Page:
It certainly doesn’t get the attention like October gets for being breast cancer awareness month, but in case you didn’t know, March is colon cancer awareness month.
I’ve been personally affected by this disease, first when my brother Mike was diagnosed in 2005 when he was 36, and then when my close friend Lorna was diagnosed when she was 39 in 2008.
With my brother, his treatment was a roller coaster ride, but at the very least things seemed hopeful. At one point though, doctors found another tumor, which they considered inoperable. That was the low point I think for everyone. At the time I made this video, things looked pretty bleak, but after doctors met and discussed his condition, they decided to operate anyway.
They removed the tumor, and my brother is alive and cancer free.
But, with colon cancer there are a LOT of complications and side effects. I know he has dealt with a lot since then, with scar tissue, blockages, and other things which make life not quite the same.
When I got the news about my friend Lorna, things looked even bleaker. By the time they discovered it, she was at stage 4 with little hope (see the video her friend created for her).
Lorna was a childhood friend. The kind you often think of as a family member since our families were very close. She was a year older than me, and we were college roommates for awhile until she decided to go to college closer to home.
Lorna was the most positive and sweetest girl I knew. Everyone loved her. When I heard the news I was devastated.
She fought a very brave battle until she passed away in October 2009. I flew to Michigan several days prior to say good-bye.
That was the hardest moment of my entire life, and I almost feel selfish saying that, because that doesn’t hold a candle to what she was feeling.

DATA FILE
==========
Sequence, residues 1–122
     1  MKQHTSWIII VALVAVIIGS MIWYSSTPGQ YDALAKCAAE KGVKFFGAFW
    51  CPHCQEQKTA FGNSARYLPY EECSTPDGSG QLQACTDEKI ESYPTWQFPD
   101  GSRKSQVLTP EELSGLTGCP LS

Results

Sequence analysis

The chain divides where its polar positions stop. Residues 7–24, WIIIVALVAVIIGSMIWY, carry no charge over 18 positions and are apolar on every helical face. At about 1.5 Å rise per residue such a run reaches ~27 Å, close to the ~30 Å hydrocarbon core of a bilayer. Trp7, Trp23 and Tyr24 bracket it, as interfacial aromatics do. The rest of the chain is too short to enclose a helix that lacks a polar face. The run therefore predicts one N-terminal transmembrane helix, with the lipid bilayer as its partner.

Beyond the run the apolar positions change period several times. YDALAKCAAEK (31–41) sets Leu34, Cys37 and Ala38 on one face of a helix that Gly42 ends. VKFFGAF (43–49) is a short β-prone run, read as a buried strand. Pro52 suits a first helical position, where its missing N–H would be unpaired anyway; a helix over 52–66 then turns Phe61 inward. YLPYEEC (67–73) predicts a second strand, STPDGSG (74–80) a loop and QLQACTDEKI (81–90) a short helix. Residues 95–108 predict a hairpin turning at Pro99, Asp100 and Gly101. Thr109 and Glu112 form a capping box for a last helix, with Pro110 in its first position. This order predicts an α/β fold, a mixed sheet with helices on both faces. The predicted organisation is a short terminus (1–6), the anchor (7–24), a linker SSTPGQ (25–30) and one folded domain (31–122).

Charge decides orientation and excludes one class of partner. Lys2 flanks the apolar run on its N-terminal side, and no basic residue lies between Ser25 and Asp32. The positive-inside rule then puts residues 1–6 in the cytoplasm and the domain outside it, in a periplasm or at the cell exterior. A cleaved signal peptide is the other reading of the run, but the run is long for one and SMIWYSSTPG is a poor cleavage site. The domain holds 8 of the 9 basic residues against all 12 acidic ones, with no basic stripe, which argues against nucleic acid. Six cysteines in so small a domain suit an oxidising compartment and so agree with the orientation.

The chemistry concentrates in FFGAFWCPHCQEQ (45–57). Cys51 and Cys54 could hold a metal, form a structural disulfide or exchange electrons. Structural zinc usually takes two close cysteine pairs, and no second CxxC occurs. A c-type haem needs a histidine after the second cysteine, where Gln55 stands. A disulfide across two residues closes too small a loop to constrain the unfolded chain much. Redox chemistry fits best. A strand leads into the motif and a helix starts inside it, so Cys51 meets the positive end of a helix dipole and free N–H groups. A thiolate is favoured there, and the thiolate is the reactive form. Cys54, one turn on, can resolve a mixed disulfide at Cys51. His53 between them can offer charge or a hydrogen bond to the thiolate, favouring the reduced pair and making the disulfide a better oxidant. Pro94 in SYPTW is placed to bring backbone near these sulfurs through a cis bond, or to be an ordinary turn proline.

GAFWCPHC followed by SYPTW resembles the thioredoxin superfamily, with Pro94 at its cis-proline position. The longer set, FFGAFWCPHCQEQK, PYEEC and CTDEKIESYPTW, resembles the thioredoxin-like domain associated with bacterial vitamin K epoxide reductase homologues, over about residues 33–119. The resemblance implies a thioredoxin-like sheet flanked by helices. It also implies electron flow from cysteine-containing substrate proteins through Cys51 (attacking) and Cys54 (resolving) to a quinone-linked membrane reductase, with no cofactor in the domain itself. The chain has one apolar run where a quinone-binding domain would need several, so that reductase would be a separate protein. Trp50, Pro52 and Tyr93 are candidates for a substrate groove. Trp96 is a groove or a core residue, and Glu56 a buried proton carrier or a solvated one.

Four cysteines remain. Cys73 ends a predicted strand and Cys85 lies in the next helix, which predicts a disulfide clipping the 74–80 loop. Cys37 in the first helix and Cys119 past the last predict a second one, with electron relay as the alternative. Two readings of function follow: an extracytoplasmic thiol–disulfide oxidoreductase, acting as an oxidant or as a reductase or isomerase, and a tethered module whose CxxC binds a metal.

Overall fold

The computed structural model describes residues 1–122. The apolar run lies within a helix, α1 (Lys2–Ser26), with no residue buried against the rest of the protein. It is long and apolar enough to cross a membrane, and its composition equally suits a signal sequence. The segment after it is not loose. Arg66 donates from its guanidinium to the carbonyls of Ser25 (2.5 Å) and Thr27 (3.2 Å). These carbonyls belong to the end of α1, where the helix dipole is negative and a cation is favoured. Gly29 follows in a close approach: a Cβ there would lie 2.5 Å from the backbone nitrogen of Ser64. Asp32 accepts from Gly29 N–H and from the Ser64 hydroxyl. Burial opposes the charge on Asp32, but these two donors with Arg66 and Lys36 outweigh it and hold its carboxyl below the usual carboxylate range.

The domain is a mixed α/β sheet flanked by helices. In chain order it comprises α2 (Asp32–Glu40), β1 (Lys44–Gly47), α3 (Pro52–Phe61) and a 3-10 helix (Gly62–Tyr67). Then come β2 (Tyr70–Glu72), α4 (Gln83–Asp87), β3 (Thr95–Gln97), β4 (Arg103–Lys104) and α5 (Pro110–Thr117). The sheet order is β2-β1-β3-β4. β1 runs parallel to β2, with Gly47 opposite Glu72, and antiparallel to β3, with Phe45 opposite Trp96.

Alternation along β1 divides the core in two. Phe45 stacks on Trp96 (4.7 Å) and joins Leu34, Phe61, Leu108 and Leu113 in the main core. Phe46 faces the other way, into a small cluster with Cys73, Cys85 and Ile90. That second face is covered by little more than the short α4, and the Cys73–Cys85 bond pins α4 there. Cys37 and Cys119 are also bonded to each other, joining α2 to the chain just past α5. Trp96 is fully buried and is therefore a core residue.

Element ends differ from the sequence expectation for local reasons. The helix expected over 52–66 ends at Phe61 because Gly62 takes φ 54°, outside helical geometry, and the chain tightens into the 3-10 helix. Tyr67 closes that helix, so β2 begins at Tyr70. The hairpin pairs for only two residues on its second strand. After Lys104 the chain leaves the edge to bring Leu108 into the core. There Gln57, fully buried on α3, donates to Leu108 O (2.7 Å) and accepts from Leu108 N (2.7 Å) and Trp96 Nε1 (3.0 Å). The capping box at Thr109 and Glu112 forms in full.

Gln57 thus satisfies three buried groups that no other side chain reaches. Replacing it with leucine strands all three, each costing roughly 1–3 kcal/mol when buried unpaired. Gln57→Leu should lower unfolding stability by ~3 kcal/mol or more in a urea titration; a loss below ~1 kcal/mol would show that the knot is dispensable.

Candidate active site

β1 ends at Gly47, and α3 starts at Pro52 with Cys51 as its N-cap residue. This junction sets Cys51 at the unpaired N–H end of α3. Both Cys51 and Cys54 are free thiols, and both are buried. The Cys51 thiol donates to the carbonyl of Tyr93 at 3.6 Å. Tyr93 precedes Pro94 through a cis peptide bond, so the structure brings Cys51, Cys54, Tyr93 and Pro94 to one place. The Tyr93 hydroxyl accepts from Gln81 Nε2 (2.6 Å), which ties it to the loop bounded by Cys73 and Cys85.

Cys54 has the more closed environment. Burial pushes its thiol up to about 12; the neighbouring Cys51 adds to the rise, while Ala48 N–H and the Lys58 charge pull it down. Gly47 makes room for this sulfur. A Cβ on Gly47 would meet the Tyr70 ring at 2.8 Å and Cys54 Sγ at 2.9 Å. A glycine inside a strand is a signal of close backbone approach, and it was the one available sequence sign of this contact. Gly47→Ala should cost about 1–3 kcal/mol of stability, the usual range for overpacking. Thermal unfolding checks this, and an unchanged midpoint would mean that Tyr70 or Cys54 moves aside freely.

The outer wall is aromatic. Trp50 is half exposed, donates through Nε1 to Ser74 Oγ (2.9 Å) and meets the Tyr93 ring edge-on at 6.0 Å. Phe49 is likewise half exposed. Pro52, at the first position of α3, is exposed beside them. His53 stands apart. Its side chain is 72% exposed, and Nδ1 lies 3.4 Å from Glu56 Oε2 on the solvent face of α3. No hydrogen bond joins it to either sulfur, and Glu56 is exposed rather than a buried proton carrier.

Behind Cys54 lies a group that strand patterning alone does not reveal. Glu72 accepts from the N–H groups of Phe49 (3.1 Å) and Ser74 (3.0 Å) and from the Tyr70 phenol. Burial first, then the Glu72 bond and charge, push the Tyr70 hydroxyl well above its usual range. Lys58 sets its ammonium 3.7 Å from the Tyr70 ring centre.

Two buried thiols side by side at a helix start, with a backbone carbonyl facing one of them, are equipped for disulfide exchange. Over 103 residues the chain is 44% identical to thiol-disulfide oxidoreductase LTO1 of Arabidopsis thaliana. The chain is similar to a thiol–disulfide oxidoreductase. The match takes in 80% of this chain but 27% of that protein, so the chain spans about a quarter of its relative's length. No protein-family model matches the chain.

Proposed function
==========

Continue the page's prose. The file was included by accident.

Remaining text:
What I knew from that moment was she was being robbed of her life, and she had way more life to live. And she was scared. I still have a very hard time remembering and talking about those last moments with her in the hospital room.
Colon cancer is a terrible disease, but one that is VERY preventable. Early detection is everything!
I get a colonoscopy every five years because that’s what is recommended when you have a close relative who was diagnosed under 40.
The prep for the test is not pleasant, there is no getting around it, but the procedure itself is a piece of cake. I’ve already had two, and aside from the slight embarrassment of the doctor making you pass gas when you wake up when you are in a room full of other recovering patients, there is really nothing to it.
I say this because often times when it comes to “that area,” we are too embarrassed to go to the doctor to get things checked out. But I’m hear to tell you that is just silly, and dangerous.
Although Mike and Lorna were much younger and would have probably had no reason to get screened for colon cancer, it’s imperative that you know your risks and/or get screened immediately if you have any unusual symptoms that you are concerned about. You are your own advocate when it comes to your health, so if one doctor tells you, “oh it’s nothing” and you are still concerned, find another doctor!
For more information about colon cancer screenings, visit this website.